Individuals sometimes have strong, negative beliefs about people from other countries that carry into a workplace. A Los Angeles employer can be guilty of ethnic discrimination when these personal opinions influence hiring decisions and the treatment of employees. Employers also are responsible for permitting unchecked discrimination among workers to foster a hostile environment.
A deputy with the Lake County Sheriff’s Department was terminated in 2010, after 20 years of employment. Court papers stated the man was fired for insubordination over an investigation into alleged misconduct. In a lawsuit against his former employer, the ex-deputy claimed he was the victim of discrimination, harassment and retaliation.
A complaint was filed in with the Equal Employment Opportunity Commission in June 2009, nearly a year before the deputy was fired. The Iranian-born employee stated he was denied promotions and worked in a hostile environment, where he was the subject of derogatory comments based on his national origin.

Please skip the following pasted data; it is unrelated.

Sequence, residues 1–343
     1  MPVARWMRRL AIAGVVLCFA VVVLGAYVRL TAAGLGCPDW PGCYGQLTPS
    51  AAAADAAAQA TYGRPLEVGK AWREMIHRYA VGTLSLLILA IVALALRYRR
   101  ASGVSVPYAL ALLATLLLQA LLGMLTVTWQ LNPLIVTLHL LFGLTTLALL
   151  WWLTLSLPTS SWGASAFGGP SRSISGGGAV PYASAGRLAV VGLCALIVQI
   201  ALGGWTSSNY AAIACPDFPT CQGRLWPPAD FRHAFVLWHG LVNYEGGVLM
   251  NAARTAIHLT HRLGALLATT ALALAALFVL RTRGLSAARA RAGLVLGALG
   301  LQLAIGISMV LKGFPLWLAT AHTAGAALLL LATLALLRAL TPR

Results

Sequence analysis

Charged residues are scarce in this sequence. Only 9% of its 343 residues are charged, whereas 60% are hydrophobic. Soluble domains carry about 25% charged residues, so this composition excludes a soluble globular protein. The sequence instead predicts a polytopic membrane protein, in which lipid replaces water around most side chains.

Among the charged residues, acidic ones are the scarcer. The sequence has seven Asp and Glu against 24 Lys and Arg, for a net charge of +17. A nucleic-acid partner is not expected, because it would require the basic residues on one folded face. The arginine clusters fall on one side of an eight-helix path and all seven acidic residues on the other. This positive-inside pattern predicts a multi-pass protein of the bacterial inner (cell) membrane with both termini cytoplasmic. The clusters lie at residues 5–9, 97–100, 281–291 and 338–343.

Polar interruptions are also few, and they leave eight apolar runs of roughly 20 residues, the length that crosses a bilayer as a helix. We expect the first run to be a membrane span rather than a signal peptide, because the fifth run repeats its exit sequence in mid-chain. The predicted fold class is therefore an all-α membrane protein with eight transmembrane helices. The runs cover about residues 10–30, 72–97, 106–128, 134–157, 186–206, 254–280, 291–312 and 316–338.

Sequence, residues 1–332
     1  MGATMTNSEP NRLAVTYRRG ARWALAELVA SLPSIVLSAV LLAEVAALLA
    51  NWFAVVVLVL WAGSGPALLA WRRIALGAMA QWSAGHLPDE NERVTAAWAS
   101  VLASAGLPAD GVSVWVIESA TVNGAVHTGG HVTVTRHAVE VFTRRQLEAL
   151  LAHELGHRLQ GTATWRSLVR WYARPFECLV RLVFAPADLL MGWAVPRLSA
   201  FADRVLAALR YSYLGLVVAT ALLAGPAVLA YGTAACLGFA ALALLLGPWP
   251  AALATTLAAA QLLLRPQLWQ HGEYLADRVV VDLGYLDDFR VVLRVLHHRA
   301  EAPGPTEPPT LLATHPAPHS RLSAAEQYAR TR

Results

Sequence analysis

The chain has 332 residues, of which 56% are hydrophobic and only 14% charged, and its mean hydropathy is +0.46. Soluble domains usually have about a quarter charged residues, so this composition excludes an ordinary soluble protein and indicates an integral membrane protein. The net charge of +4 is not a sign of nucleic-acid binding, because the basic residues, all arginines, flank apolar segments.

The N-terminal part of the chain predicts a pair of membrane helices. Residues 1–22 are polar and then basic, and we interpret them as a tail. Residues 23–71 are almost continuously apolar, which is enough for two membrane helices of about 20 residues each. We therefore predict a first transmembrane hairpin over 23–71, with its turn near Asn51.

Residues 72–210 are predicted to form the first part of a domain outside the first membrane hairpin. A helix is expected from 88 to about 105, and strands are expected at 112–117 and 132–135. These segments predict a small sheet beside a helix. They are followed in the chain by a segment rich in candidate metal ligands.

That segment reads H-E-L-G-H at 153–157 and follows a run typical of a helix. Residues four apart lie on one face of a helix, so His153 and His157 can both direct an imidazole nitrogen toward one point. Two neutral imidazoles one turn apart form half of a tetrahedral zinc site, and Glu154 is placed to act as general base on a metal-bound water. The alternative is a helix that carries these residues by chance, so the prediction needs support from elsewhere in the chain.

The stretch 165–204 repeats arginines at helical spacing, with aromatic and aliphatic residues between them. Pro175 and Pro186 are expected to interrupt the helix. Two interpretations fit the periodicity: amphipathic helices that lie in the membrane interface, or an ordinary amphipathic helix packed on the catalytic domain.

An EEOC decision on the complaint was still under consideration in early 2010 when the deputy was ordered to take administrative leave. The department accused the worker of taking an internal investigative report with the intent of using it to support a political candidate for sheriff. The EEOC issued a determination for the right to sue in late 2012; the employment lawsuit was filed in February 2013, followed by a request in by Lake County in April for a summary judgment.
A California federal judge ruled partially in favor of the county by dismissing failure to promote and retaliation charges. The judge felt a trial was warranted concerning civil rights violations over an ethnicity-based hostile work environment. A trial is scheduled this month.
It is illegal for employers to use ethnicity as an excuse to terminate workers or deny them jobs or advancement. An attorney can outline state and federal employment laws that protect workers from discrimination due to national origin.
Source: Lake County News, “Former deputy’s discrimination case against county set for trial in federal court” Elizabeth Larson, May. 30, 2014